For those of us who grew up with comic books in the ’60s and ’70s, the current batch of super-hero series on the CW have proven to be great fun. They’re constantly referencing classic storylines that we remember so well. Case in point: the four-part Crisis on Earth-X crossover series that linked Supergirl, Arrow, The Flash and Legends of Tomorrow and aired over two nights last fall. I was honored to moderate a clip-filled Q&A that featured composers Blake Neely, Nathaniel Blume, Daniel James Chan and Sherri Chung, examining in depth how they went about scoring this grand-scale TV epic. The Society of Composers & Lyricists sponsored the event.
- June 9, 2018 at 7:13 pm
Composer Kurt Farquhar has worked steadily in television for almost 30 years. His credits range from Sister, Sister and Moesha to South Central and The King of Queens. He led the way for hip-hop in TV scoring and now, with what he calls a “neo-urban” style for Black Lightning, has mashed up every imaginable approach for the the CW super-hero show. It was a distinct honor to moderate a Society of Composers & Lyricists Q&A with the composer, his music editor Joshua Winget, and theme composer GodHolly, at the Academy’s Linwood Dunn theater.
- May 10, 2018 at 7:31 pm
It’s always an honor to spend time with the legendary John Williams. I had a few moments with the maestro before he received BMI’s latest honor, named after him, and added a few tidbits about his current schedule in the Variety story I wrote the next morning. He was especially excited about the piece he’s written for cello and harp to celebrate the Leonard Bernstein centennial later this year at his beloved Tanglewood.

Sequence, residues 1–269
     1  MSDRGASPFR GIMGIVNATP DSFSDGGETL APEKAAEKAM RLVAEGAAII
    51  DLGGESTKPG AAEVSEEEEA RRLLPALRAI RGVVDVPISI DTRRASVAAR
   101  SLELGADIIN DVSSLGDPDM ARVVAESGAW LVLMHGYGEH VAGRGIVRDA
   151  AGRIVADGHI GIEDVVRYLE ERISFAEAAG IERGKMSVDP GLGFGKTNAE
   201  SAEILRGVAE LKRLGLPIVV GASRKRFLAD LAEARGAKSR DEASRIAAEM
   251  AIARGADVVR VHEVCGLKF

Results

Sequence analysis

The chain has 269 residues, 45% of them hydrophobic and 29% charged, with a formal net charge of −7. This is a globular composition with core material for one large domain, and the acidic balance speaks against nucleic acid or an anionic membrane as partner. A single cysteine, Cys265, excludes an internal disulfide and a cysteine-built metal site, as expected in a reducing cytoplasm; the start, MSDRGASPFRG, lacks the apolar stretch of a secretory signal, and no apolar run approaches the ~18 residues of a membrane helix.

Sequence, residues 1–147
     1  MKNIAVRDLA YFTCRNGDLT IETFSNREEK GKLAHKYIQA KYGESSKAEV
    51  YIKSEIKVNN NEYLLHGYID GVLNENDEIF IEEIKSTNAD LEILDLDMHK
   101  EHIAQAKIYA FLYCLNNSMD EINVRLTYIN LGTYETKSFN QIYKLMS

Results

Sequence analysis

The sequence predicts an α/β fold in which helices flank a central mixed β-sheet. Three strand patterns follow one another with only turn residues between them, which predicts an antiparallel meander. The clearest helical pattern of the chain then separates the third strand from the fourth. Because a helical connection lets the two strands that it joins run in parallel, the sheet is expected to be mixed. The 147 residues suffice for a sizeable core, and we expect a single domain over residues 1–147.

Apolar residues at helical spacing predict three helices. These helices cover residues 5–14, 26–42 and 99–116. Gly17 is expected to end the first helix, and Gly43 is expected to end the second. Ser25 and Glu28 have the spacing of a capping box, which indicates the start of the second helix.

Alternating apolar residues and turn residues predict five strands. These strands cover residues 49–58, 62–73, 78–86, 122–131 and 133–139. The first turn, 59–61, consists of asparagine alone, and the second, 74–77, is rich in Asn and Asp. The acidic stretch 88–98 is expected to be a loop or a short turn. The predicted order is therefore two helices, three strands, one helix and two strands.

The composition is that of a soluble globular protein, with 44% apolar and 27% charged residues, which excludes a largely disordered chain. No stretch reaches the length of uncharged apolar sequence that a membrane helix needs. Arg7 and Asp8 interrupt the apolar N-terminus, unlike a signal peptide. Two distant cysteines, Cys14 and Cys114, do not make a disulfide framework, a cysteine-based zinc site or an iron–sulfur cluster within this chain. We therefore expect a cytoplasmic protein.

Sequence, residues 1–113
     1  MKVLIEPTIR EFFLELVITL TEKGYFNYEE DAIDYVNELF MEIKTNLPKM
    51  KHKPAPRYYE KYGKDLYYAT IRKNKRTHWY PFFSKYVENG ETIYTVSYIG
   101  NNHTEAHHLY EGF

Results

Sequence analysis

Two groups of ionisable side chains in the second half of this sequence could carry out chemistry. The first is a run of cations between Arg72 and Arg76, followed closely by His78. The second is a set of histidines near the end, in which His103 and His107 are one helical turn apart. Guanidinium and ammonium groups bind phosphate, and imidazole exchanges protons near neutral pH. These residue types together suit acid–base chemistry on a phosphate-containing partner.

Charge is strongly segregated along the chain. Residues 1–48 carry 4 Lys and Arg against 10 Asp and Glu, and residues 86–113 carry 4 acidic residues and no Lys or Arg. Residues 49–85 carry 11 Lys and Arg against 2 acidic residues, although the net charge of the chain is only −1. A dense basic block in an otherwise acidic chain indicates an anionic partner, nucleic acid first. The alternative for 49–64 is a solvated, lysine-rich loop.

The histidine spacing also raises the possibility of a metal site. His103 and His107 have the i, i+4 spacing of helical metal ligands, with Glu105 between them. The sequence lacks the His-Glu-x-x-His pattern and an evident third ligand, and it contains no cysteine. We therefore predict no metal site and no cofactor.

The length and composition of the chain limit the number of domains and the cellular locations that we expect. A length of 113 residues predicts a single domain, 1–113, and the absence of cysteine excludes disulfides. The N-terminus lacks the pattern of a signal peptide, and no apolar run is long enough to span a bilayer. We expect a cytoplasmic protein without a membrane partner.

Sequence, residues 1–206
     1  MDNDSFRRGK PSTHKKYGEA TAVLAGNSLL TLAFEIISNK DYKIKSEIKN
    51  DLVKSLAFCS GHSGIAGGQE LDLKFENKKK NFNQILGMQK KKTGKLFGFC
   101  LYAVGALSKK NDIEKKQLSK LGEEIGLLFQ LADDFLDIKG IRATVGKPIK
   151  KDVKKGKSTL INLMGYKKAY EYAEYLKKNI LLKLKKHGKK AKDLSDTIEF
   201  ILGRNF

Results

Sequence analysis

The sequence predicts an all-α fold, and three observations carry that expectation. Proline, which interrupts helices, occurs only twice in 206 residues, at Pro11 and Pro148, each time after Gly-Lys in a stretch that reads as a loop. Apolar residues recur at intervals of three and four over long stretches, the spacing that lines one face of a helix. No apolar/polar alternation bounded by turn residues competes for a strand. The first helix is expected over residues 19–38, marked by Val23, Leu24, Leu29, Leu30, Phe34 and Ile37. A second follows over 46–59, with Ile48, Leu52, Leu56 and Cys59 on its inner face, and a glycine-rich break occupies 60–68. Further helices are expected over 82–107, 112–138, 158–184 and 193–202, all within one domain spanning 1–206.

- April 30, 2018 at 7:37 pm
You never know when an old colleague will reach out and ask about something within your particular area of expertise. I’ve known TV critic David Bianculli for many years, ages ago at the New York Daily News and now as frequent host of NPR’s Fresh Air and editor-in-chief of TVWorthWatching.com. I have enormous respect for him, and when he called a while back to talk about the theme for TV’s Twilight Zone, I had no idea that it would wind up as part of his tribute to television themes in the current TV Guide. But I am delighted, and it’s the first time (in over 30 years of writing about TV) that I’ve been quoted in that venerable publication.
- April 25, 2018 at 9:17 am
Composer Jeff Russo (Fargo, Star Trek: Discovery) has scored the intriguing new sci-fi thriller Counterpart for the STARZ network. I moderated an hour-long Society of Composers & Lyricists discussion about the show and its music with Russo and executive producer Jordan Horowitz. Russo’s main-title theme and score are surprisingly intimate, with a chamber-music sound owing to his use of a string quartet for much of the series.
- March 15, 2018 at 7:07 pm
The extraordinary composer David Amram was in town this week, so the Academy of Motion Picture Arts & Sciences and the Film Music Foundation took advantage of his presence to add him to their Visual History archives. I was asked to conduct the interview, which meant an intense research weekend immersing myself in his films (among them The Manchurian Candidate, Splendor in the Grass and The Young Savages), re-reading his autobiography, and listening to as much of his music as possible. It may be a while before the interview is available for viewing, but rest assured he talks about Elia Kazan, John Frankenheimer, Jack Kerouac, Leonard Bernstein, Charlie Parker, and many of the other amazing people with whom he has crossed paths over his 87 years.